- Jayson Stark, Senior Writer, ESPN.com
- 0 Shares
CLEARWATER, Fla. -- He was shipped out of town eight years ago, right before the Phillies' run of first-place finishes began.
But the world kept spinning until, on Sunday, Bobby Abreu found himself back in the Phillies' clubhouse, grateful for even a non-roster opportunity to get back to the big leagues after a season out of the game.
"I know I'm not the same [player] as what I was like at 25-26," said the 40-year-old Abreu, who signed a minor-league deal last month that would pay him $800,000 if he makes the team as a fourth outfielder. "But I feel fine. I still can hit, steal bases and run the bases pretty good. ... And play the outfield."
The Phillies signed Abreu after scouting him extensively this winter in Venezuela, where he hit .322/.416/.461 in 50 games and 180 at-bats. He sat out all of last season after the Angels released him following the 2012 season.
"I got a few calls, but I didn't want to go out there," said Abreu, who spent nine seasons with the Phillies between 1998-2006. "I just wanted to take a little rest and think about it, about what I wanted to do, and [then] to prepare myself to come back for winter ball ... and show that I can still play the game."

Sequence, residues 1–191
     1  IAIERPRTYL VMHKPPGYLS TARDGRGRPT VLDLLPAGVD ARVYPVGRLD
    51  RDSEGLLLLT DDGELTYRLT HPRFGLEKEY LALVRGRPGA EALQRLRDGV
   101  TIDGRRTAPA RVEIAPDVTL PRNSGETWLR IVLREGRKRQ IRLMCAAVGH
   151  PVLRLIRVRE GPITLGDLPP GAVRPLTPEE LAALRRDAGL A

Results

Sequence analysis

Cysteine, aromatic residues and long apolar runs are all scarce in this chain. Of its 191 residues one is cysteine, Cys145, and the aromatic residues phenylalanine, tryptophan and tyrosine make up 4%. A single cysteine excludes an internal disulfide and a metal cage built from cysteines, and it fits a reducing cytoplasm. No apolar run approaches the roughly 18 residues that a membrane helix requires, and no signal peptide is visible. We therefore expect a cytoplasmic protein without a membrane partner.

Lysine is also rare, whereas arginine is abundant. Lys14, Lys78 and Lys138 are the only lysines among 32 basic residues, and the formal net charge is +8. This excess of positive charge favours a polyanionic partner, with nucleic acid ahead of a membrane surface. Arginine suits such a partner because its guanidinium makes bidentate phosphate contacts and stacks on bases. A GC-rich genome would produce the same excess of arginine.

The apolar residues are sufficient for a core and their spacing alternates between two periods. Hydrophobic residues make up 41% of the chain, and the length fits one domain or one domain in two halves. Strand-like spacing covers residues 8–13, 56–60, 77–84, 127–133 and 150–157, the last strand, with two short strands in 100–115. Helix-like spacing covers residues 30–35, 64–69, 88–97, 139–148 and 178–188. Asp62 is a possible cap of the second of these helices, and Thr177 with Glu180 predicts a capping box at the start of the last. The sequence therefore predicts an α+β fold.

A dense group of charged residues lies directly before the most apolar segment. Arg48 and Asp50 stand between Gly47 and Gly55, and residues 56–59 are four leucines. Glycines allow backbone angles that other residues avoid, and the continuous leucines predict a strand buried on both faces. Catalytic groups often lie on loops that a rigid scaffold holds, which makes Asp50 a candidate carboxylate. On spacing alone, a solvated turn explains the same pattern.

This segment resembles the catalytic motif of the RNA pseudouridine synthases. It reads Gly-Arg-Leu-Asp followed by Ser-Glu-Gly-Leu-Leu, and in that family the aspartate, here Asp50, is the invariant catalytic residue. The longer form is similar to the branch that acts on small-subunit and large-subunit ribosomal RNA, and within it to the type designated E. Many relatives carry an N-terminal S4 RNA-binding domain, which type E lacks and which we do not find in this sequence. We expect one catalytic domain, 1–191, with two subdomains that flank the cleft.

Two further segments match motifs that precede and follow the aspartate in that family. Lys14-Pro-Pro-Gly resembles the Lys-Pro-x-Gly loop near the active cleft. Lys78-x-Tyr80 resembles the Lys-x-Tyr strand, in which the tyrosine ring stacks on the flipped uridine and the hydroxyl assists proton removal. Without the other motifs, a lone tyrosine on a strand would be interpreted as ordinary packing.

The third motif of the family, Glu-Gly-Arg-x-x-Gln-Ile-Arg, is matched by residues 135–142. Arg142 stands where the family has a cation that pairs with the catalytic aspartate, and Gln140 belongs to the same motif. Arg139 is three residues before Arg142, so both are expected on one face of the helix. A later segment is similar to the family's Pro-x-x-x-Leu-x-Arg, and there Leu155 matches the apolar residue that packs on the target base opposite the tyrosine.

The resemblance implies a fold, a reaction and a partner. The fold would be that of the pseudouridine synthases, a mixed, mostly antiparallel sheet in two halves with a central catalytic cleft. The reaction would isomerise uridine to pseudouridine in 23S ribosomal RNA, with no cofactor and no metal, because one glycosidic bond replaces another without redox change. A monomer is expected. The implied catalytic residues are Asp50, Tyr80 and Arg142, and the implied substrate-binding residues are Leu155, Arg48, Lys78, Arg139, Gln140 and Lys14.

Abreu said he watched very little baseball last season because "it was hard to watch." But it still wasn't until June that he decided he wanted to give it one more try to get back to the major leagues.
"I just love this game," he said. "And I feel that I can still play this game. Whenever I feel myself that I don't feel the same, I'll sit down and look at myself and say it's not going to be no more. But right now, I feel I have a little more in the tank."
Abreu said he understands that even if he makes the team, his role is only to be a bat off the bench, and "that's not a problem for me."
He sounded less sure of where he stands with the fans of Philadelphia, who never seemed to embrace his low-key style and booed him when he returned after being traded.
"Sometimes those things happen, you know," he said. "I didn't know they were going to boo me over there [when he came back as a Dodger in 2012]. There were, I would say, some boos and some guys with claps. So I'm not really looking [at] that right now. Let's see what's going to happen after spring training ... how it's going to be with the fans over there."
CLEARWATER, Fla. -- He was shipped out of town eight years ago, right before the Phillies' run of first-place finishes began.But the world kept spinning until, on Sunday, Bobby Abreu found himself back in the Phillies' clubhouse, grateful for even a non-roster opportunity to get back to the big leagues after a season out of the game.